Although the inexorable increases in healthcare costs are to blame for Medicare’s financial woes, certain parts of the country consume considerably more Medicare services than others.

 

For more than two decades, the Dartmouth Atlas Project has used small-area analysis to demonstrate geographic variation in Medicare expenditures. For example, in 2009, average age-, gender-, and race-adjusted Medicare Part A and Part B expenditures per beneficiary aged 65 to 99 varied by more than 60 percent, from $6,763 in North Dakota to $10,859 in Florida. That year, 10th percentile annual expenditures per Medicare beneficiary were $7,240, 50th percentile expenditures were $8,272, and average expenditures for the nation were $9,021.

Thus, although taxpayers in North Dakota and Florida are subject to the same premiums and federal payroll tax rates to support Medicare, beneficiaries in Florida consumed services that cost about 60 percent more in 2009 than did those in North Dakota. 

This finding is not an anomaly. There has been longstanding subsidy of high-consumption states by low-consumption states. Each year, during the period of 2003 through 2009, the average Medicare beneficiary who lived in North Dakota consumed $2,119 less of Part A and Part B healthcare services than did the average U.S. Medicare beneficiary. Each year,on average, an average Medicare beneficiary living in Florida consumed $999 more than the national average, and those living in New Jersey consumed $1,267 more. 

In essence, taxpayers in North Dakota subsidized health care received by Medicare beneficiaries living in Florida and New Jersey. In the aggregate, from 2003 through 2009, taxpayers in states that experienced lower-than-average Medicare expenditures subsidized $71.9 billion worth of Medicare services for patients in states that experienced higher than average Medicare expenditures. That subsidy represented a substantial proportion of total annual Medicare expenditures in a number of states: North Dakota’s subsidization represented 26 percent of average annual spending while New Jersey’s subsidy receipt represented 16 percent of average annual spending.

Just as American colonists rebelled against being asked to bear taxes on sugar and various paper products because they were not directly represented in distant Britain, North Dakotans may feel compelled to question why they pay taxes to subsidize healthcare services in distant Florida or New Jersey, when they have no direct input on the level of consumption of those services. Although revolution would be counterproductive, low-utilization states that subsidize high-utilization states should enter into honest discussions about whether Floridians and New Jerseyans, for instance, really need the additional health care that they receive. 

We already know the answer. In 2003, Elliott Fisher and colleagues found that additional Medicare consumption was not associated with patients getting more care that they need (effective care, such as reperfusion within 12 hours of admission for a heart attack or getting an annual flu shot) or that they want (preference-sensitive care, such as knee replacement surgery or back surgery).a Higher Medicare consumption was associated with obtaining more supply-sensitive care, such as tests, X-rays, physician visits, hospital admissions, and days in intensive care. Higher spending was associated with higher risk-adjusted mortality rates and lower patient satisfaction. Sadly, North Dakotans, who are known for their neighborliness, could not even feel good about helping distant communities to the South and East; their subsidy actually appears to have had an inverse impact on their neighbors’ health.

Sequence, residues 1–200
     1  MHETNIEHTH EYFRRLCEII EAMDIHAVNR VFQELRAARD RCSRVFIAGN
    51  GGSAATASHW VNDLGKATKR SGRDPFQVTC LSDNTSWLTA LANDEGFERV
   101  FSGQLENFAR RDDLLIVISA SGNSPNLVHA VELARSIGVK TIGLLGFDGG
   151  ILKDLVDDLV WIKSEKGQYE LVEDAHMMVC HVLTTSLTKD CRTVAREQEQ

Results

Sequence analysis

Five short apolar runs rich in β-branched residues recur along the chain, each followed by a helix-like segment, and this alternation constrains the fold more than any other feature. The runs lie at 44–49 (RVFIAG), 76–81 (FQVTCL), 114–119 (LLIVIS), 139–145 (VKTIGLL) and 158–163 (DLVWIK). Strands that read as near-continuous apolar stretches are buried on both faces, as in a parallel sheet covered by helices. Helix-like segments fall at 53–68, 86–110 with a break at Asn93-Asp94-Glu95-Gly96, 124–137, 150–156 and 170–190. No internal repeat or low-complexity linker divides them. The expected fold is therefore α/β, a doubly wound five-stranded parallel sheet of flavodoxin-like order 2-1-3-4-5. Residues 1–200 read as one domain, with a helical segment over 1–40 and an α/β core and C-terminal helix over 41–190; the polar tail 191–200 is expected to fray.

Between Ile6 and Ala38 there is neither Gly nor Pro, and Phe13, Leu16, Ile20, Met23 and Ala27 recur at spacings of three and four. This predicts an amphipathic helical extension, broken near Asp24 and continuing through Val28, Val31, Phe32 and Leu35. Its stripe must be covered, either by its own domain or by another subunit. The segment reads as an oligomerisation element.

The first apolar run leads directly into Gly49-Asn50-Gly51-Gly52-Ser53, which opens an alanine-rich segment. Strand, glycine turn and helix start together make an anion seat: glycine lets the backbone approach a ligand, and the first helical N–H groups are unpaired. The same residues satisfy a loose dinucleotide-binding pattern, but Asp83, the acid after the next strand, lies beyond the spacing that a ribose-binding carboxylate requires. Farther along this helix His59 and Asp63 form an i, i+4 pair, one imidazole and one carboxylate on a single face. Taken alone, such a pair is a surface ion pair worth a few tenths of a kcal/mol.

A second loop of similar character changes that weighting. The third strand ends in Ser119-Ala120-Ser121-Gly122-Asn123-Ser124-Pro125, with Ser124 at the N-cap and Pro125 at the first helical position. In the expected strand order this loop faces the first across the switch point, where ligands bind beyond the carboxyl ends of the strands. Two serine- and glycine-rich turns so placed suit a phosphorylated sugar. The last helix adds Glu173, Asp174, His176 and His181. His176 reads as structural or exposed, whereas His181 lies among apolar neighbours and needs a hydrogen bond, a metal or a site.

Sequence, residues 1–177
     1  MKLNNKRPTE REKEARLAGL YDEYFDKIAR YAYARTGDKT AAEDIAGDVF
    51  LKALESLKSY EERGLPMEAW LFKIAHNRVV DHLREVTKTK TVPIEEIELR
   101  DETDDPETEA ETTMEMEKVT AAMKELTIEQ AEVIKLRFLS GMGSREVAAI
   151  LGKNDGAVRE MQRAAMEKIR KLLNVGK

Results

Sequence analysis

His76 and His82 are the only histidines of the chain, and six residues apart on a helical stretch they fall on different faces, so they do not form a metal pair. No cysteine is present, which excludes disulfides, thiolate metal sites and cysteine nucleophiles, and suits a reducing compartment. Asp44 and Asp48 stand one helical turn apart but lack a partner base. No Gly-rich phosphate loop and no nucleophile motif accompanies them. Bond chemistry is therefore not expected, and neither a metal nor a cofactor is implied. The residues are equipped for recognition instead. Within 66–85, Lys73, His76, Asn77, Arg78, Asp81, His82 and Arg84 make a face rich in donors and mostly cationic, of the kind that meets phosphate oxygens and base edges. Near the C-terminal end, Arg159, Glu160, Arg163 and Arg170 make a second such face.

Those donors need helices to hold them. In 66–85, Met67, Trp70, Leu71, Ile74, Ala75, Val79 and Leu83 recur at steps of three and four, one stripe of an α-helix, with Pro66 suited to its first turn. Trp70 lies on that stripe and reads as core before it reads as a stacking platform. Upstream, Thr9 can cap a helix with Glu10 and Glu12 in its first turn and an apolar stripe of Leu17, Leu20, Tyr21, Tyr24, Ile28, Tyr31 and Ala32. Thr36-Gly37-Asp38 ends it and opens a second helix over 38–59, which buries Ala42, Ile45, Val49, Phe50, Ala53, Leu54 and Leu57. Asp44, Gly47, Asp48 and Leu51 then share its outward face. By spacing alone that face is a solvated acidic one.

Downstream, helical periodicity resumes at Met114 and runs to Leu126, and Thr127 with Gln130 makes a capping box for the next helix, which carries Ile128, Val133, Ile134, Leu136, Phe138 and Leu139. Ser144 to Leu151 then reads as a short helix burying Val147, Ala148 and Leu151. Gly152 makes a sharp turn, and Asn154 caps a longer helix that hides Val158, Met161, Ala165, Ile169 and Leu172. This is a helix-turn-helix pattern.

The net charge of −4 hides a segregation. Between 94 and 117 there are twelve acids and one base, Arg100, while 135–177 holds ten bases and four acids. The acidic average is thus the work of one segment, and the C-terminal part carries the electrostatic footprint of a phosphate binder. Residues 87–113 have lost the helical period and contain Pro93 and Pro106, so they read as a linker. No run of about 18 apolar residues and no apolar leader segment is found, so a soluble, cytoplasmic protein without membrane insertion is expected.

Exhibit

Healthcare_Reform_Exhibit

Short of revolution, representatives of low Medicare utilization states should chat with representatives of high Medicare utilization states about the error of their ways, and perhaps raise some expectations for future performance. In 2009, if high-utilization states had consumed the national average amount of care, Medicare Part A and Part B expenditures for patients aged 65 to 99 would have been about $11.6 billion, or 4.9 percent, lower than they were; if the median reimbursement was achieved, cost savings would have increased to $22.5 billion, or 9.5 percent of total Medicare Part A and Part B expenditures.

On its current course, healthcare expenditure growth will dwarf the problems represented by the impending, albeit delayed, fiscal cliff that the nation faces. Instead of temporary fixes, we need to create long-term solutions to solve a looming problem. But it might make sense to start where there is plenty of room for improvement: States that have been the most profligate in their use of federal healthcare services should be expected to make the greatest reductions. Such states could partner with North or South Dakotans or Washingtonians to learn how they are able to provide low-cost, high-quality care. But they should seek that advice soon, before low-expenditure states revolt—by demanding either that the subsidies stop or that there be adequate representation of Dakotans in Florida. Who knows: They might like the weather and bring their conservative medical consumption ways with them. 


William B. Weeks, MD, FHFMA, is professor, The Geisel School of Medicine, Hanover, N.H., and a member of HFMA’s New Hampshire-Vermont Chapter (wbw@dartmouth.edu).

 


 

footnote

a. Fisher, E.S., Wennberg, D.E., and Stukel, T.A., et al., “The Implications of Regional Variations in Medicare Spending. Part 1: The Content, Quality, and Accessibility of Care,” and “Part 2: Health Outcomes and Satisfaction with Care,” Annals of Internal Medicine, Feb. 18, 2003.

Publication Date: Friday, March 01, 2013

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